New Internationalist

Whatever became of the Age of Possibility?

Fear of the dark has haunted the rich world for four years too many already. The shadow of free-market fundamentalism still hangs over us, including those of us who imagine another possible world.

Relatively rich liberal democracies have encouraged an almost subliminal popular perception that in a grossly unjust world you have to cling on to whatever you’ve got. The collapsed financial architecture will be rebuilt - ‘recapitalized’ - in much the same shape as before.

Those of us who advocate anything else can be dismissed as devoid of popular support, if not actively welcoming the rise of unemployment and despair. Even if there is no shortage of credible fresh ideas, no ‘realistic’ means of acting on them exists.

Well, four years of recovery have yet to return us to where we were in 2007, at least in terms of economic growth. Worse, the cure is killing the patient. Austerity feeds on itself, holding out no other prospect for the foreseeable future. Even Paul Krugman, a rare breed of influential economist who is halfway sane, asks: ‘Is it possible to be bored and terrified at the same time?’

Terrified, certainly. The latest Eurozone scam suggests pledging not just billions but trillions of Euros to a fantasy - apparently dreamed up by technocrats during a financial war-game - of such impenetrable weirdness as to outdo even the algorithms of credit default swaps. Its purpose is not to rescue the people of Greece from penury, or the youth of Spain from unemployment, but to pursue the hopeless task of salvaging financial markets from themselves - yet again.

Neoliberals now openly suggest that the crisis is more political than financial - but their own salvation depends on a form of pointless tyranny that liberal democracies simply cannot withstand.

For a generation or two corporate globalization promised what it could not deliver - a sustainable world economy for all. So it turned to financial markets and debt, initially in the Majority World where the deceit was easiest and most cruel, but eventually in the Minority World heartland itself. Whatever it gave, it now needs to take away.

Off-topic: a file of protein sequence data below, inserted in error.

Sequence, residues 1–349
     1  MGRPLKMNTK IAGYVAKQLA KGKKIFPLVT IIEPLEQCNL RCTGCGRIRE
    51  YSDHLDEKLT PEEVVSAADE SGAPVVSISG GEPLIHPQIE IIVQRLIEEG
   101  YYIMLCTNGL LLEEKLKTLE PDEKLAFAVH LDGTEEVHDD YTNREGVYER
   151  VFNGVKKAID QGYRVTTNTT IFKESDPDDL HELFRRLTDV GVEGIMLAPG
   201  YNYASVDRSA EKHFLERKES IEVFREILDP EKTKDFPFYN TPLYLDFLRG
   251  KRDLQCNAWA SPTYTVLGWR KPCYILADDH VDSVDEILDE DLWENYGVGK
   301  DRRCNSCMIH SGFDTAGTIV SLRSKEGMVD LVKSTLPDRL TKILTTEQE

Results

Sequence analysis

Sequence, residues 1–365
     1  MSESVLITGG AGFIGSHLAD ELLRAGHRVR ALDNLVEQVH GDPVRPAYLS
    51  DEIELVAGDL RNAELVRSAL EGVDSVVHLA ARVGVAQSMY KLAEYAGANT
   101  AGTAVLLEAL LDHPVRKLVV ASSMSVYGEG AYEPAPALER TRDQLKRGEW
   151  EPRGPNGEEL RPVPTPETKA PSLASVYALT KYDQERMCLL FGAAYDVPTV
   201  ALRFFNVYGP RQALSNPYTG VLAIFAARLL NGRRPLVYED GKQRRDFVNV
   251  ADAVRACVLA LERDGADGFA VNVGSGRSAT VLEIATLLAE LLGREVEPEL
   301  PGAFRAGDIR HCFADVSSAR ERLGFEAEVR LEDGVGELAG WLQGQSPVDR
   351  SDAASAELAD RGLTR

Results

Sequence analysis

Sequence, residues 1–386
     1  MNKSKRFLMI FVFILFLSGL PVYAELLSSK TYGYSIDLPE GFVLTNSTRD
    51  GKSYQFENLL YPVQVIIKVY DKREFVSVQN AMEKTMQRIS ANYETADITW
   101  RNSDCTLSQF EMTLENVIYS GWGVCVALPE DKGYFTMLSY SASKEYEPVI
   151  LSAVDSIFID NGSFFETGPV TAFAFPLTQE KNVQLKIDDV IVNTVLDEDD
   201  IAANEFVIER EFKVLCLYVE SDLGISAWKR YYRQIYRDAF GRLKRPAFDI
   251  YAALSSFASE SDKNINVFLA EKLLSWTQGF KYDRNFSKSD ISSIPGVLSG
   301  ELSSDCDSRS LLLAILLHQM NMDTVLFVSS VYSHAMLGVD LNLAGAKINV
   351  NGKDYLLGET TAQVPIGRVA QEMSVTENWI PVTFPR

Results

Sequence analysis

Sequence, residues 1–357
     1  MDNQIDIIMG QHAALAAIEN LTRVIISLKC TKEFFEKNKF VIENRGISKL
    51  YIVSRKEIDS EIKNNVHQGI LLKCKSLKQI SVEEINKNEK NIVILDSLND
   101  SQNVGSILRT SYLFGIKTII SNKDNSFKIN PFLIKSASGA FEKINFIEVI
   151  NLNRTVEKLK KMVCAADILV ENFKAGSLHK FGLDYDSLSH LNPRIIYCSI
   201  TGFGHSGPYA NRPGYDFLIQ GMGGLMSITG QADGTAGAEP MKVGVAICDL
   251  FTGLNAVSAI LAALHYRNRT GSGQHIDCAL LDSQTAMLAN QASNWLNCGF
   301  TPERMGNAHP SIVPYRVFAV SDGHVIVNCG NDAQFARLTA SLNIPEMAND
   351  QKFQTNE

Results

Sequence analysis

The result constantly compounds debts of such enormity, complexity and toxicity that no-one has the faintest idea what they are, where they may still be lurking, how they can possibly be repaid or to whom they are justly due. Nothing of any consequence has been done to find out or put it right, because no neoliberal knows.

It’s only money; money is only what people believe it to be; people will believe it has worth only if they have confidence; that confidence has never, ever, rested on financial markets - which do not even have confidence in themselves - but on the common or public interest, more or less well represented by governments.

Neoliberal democracies granted to financial markets the right to create - or ‘lend’ - virtually unlimited amounts of money themselves. This was not a matter of mere ‘deregulation’, but of deliberate political intent. As a result, confidence has now gone. The debts are effectively worthless, along with the financial markets that created them. Offloading them onto governments, extorting regressive taxation and destroying public services, makes democracy worthless as well.

In the Minority World, the realization has already dawned on Greece. It dawned much earlier on the Majority World, through debt campaigns and in places like Argentina. Bit by bit it is dawning on the rest of the world too.

Daylight is now breaking over a world where ‘economic growth’ pure and simple is no longer there. Another world is not just possible but the only one there is. Its landscape may still be hazy, but plenty of fertile potential still lies in such things as a Green New Deal or Great Transition.

I have seen too many liberal democracies overtaken by violent tyrannies to enforce neoliberalism in Latin America not to fear for anywhere else. But then, I have lived to see the demise of those tyrannies too. And, because I now live afloat, I know that if water comes in more quickly than you can bail it out, the time has come to bail yourself out - and fast.

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About the author

David Ransom a New Internationalist contributor

David Ransom joined New Internationalist in 1989 and wrote on a range of issues, from green justice to the current financial crisis, before retiring in 2009. He was a close friend of Blair Peach, once worked as a banker in Uruguay and continued to contribute to New Internationalist as a freelancer until shortly before his death in February 2016. He lived on a barge on the waterways of England’s West Country.

His publications include License to Kill on the death of Blair Peach in 1979 and The No Nonsense Guide to Fair Trade. He also co-edited, with Vanessa Baird, People First Economics.

Read more by David Ransom

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